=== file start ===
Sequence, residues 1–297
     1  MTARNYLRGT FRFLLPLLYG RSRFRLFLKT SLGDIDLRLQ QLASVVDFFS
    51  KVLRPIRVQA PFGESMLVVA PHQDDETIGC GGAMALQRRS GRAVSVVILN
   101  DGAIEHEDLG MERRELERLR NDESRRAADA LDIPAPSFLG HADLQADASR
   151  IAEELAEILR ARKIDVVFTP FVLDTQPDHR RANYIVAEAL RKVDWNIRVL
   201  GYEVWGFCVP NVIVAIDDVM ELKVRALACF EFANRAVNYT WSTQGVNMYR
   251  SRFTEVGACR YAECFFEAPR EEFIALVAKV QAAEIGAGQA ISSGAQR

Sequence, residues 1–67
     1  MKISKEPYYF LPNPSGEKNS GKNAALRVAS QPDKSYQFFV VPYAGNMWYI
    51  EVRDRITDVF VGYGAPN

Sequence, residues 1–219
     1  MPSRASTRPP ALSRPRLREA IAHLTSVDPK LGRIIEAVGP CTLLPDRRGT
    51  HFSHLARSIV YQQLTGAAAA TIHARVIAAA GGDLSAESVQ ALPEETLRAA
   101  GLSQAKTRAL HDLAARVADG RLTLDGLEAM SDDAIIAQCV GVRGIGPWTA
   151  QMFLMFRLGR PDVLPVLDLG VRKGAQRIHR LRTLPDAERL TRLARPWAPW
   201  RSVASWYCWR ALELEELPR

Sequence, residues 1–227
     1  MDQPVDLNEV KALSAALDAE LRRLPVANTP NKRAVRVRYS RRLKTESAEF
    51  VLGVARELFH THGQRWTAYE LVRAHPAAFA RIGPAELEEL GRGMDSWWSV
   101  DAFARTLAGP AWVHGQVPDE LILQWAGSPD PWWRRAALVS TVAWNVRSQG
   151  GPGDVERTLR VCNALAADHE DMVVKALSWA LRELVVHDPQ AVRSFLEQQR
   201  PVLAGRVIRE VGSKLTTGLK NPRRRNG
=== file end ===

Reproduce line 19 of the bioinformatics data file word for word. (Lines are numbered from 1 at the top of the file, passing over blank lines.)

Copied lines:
    51  VLGVARELFH THGQRWTAYE LVRAHPAAFA RIGPAELEEL GRGMDSWWSV